As Americans celebrated the Fourth of July in 1988, a present
arrived from Zurich: The World Cup was headed to the United States
for the first time.
”The richest land in the world simply cannot be allowed to
remain a blank spot on the world map of soccer any longer,”
Hermann Neuberger, president of West German soccer’s governing
body, said at the time.
Since that watershed 1994 World Cup the global game is now very
much a part of the country’s sports landscape. There’s a national
team that’s played in six straight World Cups, three television
networks that are pretty much all soccer, constant additional
exposure on ESPN2 and a growing league preparing for its 16th
season – albeit one still struggling to gain attention in a market
dominated by the NFL, Major League Baseball and the NBA.
Bidders promise another burst of explosive growth if FIFA’s
executive committee awards the 2022 tournament to the United States
when it votes Thursday in Zurich. Australia, Japan, Qatar and South
Korea are the competition.
”We’ve got all of the infrastructure in place, and it’s
extraordinary infrastructure, which allows us to focus on growing
the game and using the World Cup to do that in the United States
and have the U.S. become an important part of the global community
in this,” U.S. Soccer Federation President Sunil Gulati said in an
interview with The Associated Press. ”I think it changes the
economics in a positive way for FIFA and other associations.”
The 1994 World Cup transformed FIFA’s business side.
Names on the backs of players’ jerseys?
It started in the U.S.
First made in America.
All-Star teams and relentless promotion?
Much of soccer has never seen anything like Dallas Cowboys
Stadium, with its 50-yard-wide video screen hovering above field,
10,000 club seats and 300 luxury suites ringing five levels – the
expensive seats alone just about match the 20,224 total capacity of
Portsmouth’s Fratton Park.
Hard to compare that with those in the original bid presented by
the U.S. 22 years ago, which included such antiques as Navy-Marine
Corps Memorial Stadium in Annapolis, Md., John F. Kennedy Stadium
in Philadelphia and Palmer Stadium in Princeton, N.J.
FIFA’s technical report says attendance at a U.S. World Cup
could average 76,000, breaking the record of 68,991 set in 1994. It
says there is medium legal risk because of a lack of government
guarantees, which would require federal legislation after a bid is
”Clearly for us, there is nothing that we could do in the
United States, whether it be our federation or Major League Soccer,
that would be more important than having the World Cup here in our
country,” MLS Commissioner Don Garber said.
”Hosting the World Cup in the U.S. is by far the biggest
opportunity for our league to capitalize on the growing interest
for the sport and ultimately convert that interest to a deeper
connection with our league, our clubs and our players.”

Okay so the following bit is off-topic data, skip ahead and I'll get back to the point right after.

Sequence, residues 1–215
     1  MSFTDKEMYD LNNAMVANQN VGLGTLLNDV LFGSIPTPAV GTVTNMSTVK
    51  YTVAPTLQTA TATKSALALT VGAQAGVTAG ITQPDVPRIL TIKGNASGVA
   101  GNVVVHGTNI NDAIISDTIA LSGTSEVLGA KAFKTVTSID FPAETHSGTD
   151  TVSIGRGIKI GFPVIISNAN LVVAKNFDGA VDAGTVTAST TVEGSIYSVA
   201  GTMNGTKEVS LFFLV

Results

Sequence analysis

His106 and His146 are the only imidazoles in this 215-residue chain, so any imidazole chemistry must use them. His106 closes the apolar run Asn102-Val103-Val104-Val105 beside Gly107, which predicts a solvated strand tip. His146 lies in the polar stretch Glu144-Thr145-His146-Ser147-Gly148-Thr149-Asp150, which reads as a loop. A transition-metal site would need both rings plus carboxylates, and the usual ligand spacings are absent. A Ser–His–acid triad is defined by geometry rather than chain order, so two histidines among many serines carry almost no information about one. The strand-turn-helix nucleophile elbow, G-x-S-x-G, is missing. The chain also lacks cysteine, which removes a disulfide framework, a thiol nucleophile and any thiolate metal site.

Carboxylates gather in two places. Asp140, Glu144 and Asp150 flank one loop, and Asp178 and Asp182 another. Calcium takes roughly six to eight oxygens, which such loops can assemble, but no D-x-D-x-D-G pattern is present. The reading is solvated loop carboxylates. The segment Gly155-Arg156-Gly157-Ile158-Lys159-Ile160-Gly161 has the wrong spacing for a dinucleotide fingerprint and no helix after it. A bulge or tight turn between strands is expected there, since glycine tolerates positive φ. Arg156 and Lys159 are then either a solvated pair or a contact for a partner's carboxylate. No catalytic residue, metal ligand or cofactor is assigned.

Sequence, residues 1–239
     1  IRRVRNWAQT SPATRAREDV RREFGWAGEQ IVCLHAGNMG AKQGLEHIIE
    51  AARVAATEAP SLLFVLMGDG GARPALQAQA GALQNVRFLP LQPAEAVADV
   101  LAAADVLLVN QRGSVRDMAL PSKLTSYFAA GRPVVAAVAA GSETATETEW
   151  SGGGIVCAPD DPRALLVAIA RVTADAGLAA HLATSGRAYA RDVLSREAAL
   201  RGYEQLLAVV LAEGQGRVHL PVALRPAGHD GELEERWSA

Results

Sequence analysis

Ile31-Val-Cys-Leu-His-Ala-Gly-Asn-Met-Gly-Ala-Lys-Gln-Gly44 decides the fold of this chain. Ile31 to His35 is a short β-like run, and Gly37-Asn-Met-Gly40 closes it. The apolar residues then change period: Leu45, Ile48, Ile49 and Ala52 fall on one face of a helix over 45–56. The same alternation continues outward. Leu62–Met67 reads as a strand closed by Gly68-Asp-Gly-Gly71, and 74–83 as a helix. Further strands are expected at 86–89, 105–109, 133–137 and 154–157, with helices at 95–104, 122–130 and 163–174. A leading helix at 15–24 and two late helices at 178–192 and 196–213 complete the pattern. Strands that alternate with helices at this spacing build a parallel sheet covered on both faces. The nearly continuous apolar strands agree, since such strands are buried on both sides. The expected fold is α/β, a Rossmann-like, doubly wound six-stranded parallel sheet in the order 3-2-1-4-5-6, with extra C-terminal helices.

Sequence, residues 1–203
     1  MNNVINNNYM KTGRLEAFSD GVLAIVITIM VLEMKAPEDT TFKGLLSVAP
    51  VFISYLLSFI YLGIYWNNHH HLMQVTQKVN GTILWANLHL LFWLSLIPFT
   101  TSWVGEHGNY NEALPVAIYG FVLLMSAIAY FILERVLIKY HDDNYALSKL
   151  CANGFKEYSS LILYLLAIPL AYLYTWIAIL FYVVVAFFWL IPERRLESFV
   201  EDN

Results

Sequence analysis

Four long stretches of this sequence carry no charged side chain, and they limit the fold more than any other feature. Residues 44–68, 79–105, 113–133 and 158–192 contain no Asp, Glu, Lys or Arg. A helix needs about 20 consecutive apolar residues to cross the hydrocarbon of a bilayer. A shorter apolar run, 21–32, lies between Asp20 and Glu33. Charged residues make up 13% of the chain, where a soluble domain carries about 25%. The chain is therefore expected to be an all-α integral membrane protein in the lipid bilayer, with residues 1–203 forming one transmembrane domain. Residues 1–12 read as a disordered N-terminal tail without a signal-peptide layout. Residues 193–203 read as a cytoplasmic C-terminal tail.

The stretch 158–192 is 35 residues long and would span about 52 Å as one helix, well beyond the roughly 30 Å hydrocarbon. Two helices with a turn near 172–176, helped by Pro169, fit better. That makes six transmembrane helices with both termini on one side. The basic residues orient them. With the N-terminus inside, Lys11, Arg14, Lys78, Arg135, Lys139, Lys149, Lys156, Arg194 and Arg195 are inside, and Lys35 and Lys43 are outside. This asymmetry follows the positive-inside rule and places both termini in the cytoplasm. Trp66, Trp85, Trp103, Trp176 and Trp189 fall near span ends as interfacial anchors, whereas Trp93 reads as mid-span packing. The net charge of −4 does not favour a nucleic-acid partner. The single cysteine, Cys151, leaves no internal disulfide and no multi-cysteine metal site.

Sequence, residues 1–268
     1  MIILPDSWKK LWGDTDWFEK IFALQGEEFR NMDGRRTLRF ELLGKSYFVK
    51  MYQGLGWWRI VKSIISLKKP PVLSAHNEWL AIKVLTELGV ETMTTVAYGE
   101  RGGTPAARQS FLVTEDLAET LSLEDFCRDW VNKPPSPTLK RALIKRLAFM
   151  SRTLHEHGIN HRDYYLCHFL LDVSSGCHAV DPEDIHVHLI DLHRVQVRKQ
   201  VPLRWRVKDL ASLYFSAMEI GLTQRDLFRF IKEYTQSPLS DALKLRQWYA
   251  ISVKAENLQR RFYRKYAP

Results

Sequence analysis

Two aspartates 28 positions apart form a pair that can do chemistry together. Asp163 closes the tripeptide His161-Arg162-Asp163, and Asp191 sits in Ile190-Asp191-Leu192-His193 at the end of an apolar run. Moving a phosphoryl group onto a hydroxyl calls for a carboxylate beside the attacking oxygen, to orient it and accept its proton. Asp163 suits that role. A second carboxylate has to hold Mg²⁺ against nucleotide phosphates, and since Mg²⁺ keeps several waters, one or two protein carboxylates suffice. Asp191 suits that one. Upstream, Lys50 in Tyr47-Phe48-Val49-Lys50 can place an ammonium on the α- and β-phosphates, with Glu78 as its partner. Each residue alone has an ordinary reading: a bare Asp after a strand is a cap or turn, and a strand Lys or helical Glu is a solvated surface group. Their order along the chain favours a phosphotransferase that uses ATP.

Gulati and his delegation have spent months lobbying the 22
voters. They’ll bring along a group for the final presentation that
includes former President Bill Clinton, Attorney General Eric
Holder, actor Morgan Freeman, national team star Landon Donovan,
former women’s team star Mia Hamm and her husband, former Boston
Red Sox star Nomar Garciaparra.
”It’s an election,” Gulati said. ”And in some sense, in
elections you never know where you are until the very last minute,
until the vote is taken. There’s not accurate polling, per se. So
we’ll continue to work until the last minute.”
FIFA also is selecting the 2018 site that day, picking from
among England, Russia, Spain-Portugal and Belgium-Netherlands.
USSF officials hope to one day have a team that wins World Cups,
a league that produces clubs as strong as Manchester United,
Barcelona and AC Milan – likely the three most popular teams in the
This year’s World Cup averaged 2,288,000 households and
3,261,000 viewers on English-language U.S. television, up from
1,735,000 homes and 2,316,000 four years ago. The final was seen by
15.55 million on ABC and another 8.82 million on Spanish-language
Univision – well above the 14.3 million average audience for
baseball’s World Series but a fraction of the 106.5 million that
watched this year’s Super Bowl.
”We’re no longer sitting around trying to explain it to them,”
said Chuck Blazer, the FIFA executive committee member from the
When American football officials started getting ready after the
1988 vote, there weren’t proper benches for soccer teams in
stadiums. Aggregate score and injury time were foreign
”The country understands the World Cup now. I’m not sure that
was the case back then,” Gulati said. ”The magnitude of the event
has changed dramatically. Certainly the U.S. with MLS and a
national team that’s been quite successful, all those things are
very different in changing the landscape of the sport.”
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